– Willem Larsen, The College of Mythic Cartography

With all the addictive substances, I have sought to define and control the world, or at least my experience of it.  When I set about my rewilding activities this Spring, I want to come at it fresh and unsullied by anything outside myself.  I want pure, unmediated experience: to feel, to taste, and to touch with no intermediary.  As I sip another cup of nettle tea, the sediment plume is diluting, the cloudiness in my mental waters is settling so that I can see with renewed eyes.  Let the true Rewilding begin!

Posted by: ithacaisdoomed | March 6, 2010

10 Square Miles Surrounded by My Naive Misconceptions

Prior to moving to Upstate NY in 2000, I always thought of this place as a kind of “promised land.” People from around here thought I was insane. After all, New York now ranks number 1 in per capita taxes and has a horrid unemployment rate, which just gets worse as the Great Recession drags on. My wife and I would come up here on vacation, always in the summer, just passing through on our way to Canada or staying longer in the Adirondacks. New York, at the time, seemed a land unspoiled, with mountains and forests stretching as far as the eye could see, a more enlightened populace, and a history rich in noble characters such as Harriet Tubman, Elizabeth Cady Stanton, and James Howard Kunstler.
As time has gone by, cracks have grown in the façade. For one thing, visiting here only in the summer was a huge mistake. We should have come up in late March, when the entire state is one giant mud bath from the Hudson Valley to Niagara Falls. The taxes are bat shit insane, but I’ve always considered them a kind of “surcharge” that keeps away yuppies, expressways, office parks, and other signs of what the rest of American considers “prosperity.” In fact, I kind of like the rundown, ramshackle small towns here, even if they seem like recreations of a Russell Banks novel.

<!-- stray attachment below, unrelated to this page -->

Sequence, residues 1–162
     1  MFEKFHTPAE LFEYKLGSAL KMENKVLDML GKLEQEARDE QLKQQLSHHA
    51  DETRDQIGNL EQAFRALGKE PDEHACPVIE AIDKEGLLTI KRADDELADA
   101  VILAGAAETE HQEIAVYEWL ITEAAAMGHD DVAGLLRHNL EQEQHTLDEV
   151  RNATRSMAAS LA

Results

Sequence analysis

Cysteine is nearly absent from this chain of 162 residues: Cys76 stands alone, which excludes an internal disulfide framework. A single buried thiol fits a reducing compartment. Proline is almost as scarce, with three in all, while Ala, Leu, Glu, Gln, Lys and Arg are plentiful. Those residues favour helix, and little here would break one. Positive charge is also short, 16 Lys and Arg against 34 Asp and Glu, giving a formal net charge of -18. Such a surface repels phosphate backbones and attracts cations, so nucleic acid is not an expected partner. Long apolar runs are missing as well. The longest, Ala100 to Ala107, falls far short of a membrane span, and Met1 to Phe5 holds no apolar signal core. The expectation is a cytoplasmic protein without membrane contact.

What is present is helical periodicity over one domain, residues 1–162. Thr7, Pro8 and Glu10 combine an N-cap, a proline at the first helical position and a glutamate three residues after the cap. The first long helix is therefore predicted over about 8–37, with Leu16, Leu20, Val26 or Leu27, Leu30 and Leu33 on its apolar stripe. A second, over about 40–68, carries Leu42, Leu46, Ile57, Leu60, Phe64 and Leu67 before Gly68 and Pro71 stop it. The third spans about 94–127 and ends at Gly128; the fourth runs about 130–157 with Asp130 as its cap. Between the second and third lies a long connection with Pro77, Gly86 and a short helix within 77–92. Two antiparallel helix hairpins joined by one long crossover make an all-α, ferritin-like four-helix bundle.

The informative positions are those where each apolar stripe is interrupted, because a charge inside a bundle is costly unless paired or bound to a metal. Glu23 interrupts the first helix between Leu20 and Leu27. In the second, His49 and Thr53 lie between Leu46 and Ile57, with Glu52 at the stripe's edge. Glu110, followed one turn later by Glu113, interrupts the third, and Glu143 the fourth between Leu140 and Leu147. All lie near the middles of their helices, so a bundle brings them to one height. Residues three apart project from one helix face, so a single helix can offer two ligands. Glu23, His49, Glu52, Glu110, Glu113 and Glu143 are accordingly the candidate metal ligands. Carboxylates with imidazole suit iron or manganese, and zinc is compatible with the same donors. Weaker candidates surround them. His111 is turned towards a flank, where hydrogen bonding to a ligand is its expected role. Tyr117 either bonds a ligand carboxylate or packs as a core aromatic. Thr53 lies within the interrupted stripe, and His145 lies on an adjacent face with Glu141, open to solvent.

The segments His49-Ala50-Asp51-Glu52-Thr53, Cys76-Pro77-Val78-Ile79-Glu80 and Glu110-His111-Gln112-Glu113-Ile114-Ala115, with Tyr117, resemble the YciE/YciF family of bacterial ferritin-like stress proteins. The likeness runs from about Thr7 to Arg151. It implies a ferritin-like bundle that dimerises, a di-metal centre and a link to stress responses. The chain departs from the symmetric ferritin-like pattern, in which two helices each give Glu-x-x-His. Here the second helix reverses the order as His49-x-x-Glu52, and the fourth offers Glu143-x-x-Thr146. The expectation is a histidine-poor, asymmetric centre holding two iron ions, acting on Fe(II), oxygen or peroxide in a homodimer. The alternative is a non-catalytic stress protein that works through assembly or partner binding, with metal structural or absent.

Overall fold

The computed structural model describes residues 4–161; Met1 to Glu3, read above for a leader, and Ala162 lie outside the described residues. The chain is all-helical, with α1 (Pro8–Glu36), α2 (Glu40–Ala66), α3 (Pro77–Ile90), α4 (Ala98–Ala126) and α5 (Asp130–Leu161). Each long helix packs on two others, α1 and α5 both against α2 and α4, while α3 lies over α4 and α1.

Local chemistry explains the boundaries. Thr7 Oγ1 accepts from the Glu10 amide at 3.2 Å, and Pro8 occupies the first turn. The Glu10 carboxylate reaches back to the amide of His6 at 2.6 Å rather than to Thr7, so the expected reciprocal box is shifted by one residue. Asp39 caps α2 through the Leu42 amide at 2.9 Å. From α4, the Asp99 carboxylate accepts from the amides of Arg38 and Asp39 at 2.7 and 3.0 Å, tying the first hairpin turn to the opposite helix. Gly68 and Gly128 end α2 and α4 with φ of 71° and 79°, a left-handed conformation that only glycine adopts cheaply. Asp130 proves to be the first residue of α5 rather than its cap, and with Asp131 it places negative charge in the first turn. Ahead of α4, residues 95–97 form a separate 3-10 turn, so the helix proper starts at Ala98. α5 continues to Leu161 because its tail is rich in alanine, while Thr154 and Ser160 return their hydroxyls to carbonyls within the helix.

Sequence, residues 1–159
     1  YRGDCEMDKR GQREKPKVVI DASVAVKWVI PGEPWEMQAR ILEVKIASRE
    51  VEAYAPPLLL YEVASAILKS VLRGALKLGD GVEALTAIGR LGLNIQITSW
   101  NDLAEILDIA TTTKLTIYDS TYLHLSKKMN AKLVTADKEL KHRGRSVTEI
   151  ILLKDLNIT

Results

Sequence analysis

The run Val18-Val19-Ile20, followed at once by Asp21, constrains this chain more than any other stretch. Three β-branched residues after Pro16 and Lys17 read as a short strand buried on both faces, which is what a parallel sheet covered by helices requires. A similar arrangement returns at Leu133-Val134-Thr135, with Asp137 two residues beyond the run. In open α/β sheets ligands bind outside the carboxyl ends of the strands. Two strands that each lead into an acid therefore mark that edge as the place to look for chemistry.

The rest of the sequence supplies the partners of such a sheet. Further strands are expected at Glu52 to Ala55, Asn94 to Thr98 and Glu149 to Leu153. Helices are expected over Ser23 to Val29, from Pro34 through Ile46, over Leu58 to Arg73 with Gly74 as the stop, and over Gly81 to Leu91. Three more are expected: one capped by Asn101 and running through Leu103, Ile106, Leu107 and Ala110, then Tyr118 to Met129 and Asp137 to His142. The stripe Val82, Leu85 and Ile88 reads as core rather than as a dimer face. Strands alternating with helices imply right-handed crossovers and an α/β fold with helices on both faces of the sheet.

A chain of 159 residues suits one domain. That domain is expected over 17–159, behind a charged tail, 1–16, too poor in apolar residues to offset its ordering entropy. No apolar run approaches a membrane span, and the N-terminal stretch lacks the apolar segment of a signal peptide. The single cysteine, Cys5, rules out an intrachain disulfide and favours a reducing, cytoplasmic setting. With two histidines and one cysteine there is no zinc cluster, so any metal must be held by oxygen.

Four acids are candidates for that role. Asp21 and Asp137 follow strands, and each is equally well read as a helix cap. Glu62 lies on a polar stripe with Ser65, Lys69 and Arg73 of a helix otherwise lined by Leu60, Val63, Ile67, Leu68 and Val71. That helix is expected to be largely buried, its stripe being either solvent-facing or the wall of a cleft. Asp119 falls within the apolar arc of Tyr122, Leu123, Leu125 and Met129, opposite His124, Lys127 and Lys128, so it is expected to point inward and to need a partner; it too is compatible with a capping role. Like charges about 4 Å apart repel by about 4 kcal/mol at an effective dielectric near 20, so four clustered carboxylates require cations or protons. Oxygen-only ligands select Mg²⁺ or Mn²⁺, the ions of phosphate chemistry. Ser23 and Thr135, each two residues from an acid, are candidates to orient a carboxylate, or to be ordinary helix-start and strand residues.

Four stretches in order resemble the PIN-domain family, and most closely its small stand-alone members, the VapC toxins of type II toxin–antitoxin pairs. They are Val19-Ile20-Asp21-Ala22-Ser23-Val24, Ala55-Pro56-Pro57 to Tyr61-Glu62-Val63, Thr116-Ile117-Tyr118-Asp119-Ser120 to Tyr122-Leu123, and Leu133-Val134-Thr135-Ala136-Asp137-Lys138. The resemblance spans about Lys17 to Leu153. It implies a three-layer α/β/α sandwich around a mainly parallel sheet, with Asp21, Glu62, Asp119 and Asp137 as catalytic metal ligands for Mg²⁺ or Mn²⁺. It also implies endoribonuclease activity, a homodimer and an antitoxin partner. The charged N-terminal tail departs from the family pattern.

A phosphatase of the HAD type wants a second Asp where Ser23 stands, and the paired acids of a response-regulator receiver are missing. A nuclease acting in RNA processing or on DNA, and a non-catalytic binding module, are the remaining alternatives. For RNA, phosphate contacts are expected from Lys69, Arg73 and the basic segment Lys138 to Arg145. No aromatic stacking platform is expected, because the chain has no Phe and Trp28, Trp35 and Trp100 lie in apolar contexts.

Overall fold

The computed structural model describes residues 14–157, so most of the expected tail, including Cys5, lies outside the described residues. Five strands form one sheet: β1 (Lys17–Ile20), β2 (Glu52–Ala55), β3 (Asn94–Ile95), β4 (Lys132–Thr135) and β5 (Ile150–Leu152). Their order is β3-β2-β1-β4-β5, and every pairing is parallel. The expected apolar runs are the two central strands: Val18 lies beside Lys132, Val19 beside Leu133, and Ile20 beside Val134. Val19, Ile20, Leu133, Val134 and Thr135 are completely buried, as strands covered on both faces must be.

Over the course of 2009 to the present, however, the cracks are growing wider. The naïve misconceptions I had about Upstate New York are starting to come back to sting me in the ass. Here are some of the major naïve ideas I had about New York as a sheltered Southern boy who grew up in the suburbs of the Capital of the Confederacy, Richmond, Virginia:
#1) “I won’t have to hear any more obnoxious accents now that I live in New York.” Wrong! According to a post on city-data  “People in Upstate New York have the Great Lakes/Upper Midwest accent. It’s much less harsh than the New Yawk accent. The most noticable part of the Upstate NY accent is the strong “A” sound. For instance, Rochester, is pronounced by locals like “Raaaaach’ster. And carbonated beverages are not soda, but rather “pop”, which is pronounced “pahp”. It’s a very humble accent and sounds much more “friendly”.

Why is it that vowels become more nasalized as one moves northward? I used to find the Upstate NY accent “friendly” and quaint, but now it annoys the shit out of me. Pronounce the ‘ing” at the end of your verbs, dammit! People who live around Binghamton do have a quite awesome habit of using “wicked” as an adjective, though, which sound so incredibly 80’s to me that I just have to love it. Perhaps the real reason I don’t like the accent is because I’m starting to sound, after almost 10 years, like I’m actually from here. “Can I have some pahp? This is wicked good!” Nowadays, when I venture too far below the Mason Dixon Line, I can’t understand a damn thing anyone says. Nothing like a snotty New Yorker!
#2) “People in Upstate New York don’t listen to country music.” Wrong again! I guess I thought people up here, rednecks included, listened to Ronnie James Dio (he’s from Cortland) or 70’s arena rock, like Foreigner. How sad it was to find out that country music, the bad kind of country music, is a universal lumpenproletariat passion. I still cringe when I remember when I used to ride the bus more often, listening to that stupidass song about the party barge  over and over again. Ugghhh! Haven’t you people ever heard of Merle Haggard?